There are dietary benefits to drinking more water


2017-01-02 07:46

Researchers say there are many dietary benefits associated with drinking more water.

Water is a great tasting, low calorie and healthy drink. Drinking more fresh water and less sugary drinks has health benefits.

Drinking water helps control weight, and lower sugar, sodium and saturated fat consumption

The University of Illinois at Urbana-Champaign reports there are many dietary benefits associated with drinking more water. Drinking plain fresh water offers a good way for people to control their weight, and lower sugar, sodium and saturated fat consumption.

Researchers examined the diets of greater than 18,300 adults for this study. It was determined that most of the people who increased how much plain water they consumed by just 1 percent lowered their total daily calorie consumption and their intake of sugar, saturated fat, cholesterol and sodium. This drinking water came from tap water or from a bottle, cooler or drinking fountain.

The total energy intake of people who drank one, two or three cups more water daily was decreased by 68 to 205 calories a day. These people also lowered their sodium intake by 78 to 235 milligrams. Sugar consumption was lowered by 5 grams to 18 grams daily and cholesterol consumption was lowered by 7 to 21 milligrams a day. This was reported in a paper written by University of Illinois kinesiology and community health professor Ruopeng An.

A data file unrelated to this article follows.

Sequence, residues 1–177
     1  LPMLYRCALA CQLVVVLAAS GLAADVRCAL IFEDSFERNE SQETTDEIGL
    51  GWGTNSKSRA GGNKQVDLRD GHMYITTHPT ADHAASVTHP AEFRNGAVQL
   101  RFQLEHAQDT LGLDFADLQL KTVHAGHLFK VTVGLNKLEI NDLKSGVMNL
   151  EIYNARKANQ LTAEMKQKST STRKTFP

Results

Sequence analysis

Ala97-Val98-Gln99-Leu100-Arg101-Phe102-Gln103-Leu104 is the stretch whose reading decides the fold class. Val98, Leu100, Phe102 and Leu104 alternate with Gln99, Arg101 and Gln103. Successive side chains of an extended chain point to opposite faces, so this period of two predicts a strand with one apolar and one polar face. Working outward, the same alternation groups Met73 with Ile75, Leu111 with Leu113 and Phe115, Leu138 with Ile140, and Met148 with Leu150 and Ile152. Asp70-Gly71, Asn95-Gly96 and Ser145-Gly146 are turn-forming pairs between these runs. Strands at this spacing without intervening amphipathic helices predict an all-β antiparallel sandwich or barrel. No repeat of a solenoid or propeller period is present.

It may be possible to actually design and deliver positive nutrition interventions and education campaigns which are universal in nature to promote consumption of plain water

Professor An said there were similar findings of the impact of plain water consumption on diet across race/ethnicity, income and education levels and the body weight status of people. It has therefore been implied it may be possible to
actually design and deliver positive nutrition interventions and education campaigns which are universal in nature to promote consumption of plain water to replace beverages which have calories.

Beverages such as coffee, herbal tea and unsweetened black tea were not counted as sources of plain water for this study. However, Professor An counted the water content of these beverages in his calculations of the total dietary water consumption of participants.

There was an association of an 8.6 lower calorie intake along with slightly lower intake of sugar sweetened beverages and discretionary foods such as desserts, pastries and mixes of snacks associated with a 1 percent increase in the daily consumption of plain water by participants. There was also a decreased intake of sugar, fat and cholesterol.

This study has been published in the Journal of Human Nutrition and Dietetics. Researchers investigated consumption of plain water as it relates to intake of energy and quality of diet in adults in the United States. It was determined the promotion of drinking plain water may be a useful public health strategy for lowering energy and targeted nutrient intake in adults. There appears to be many health benefits associated with drinking more plain water.

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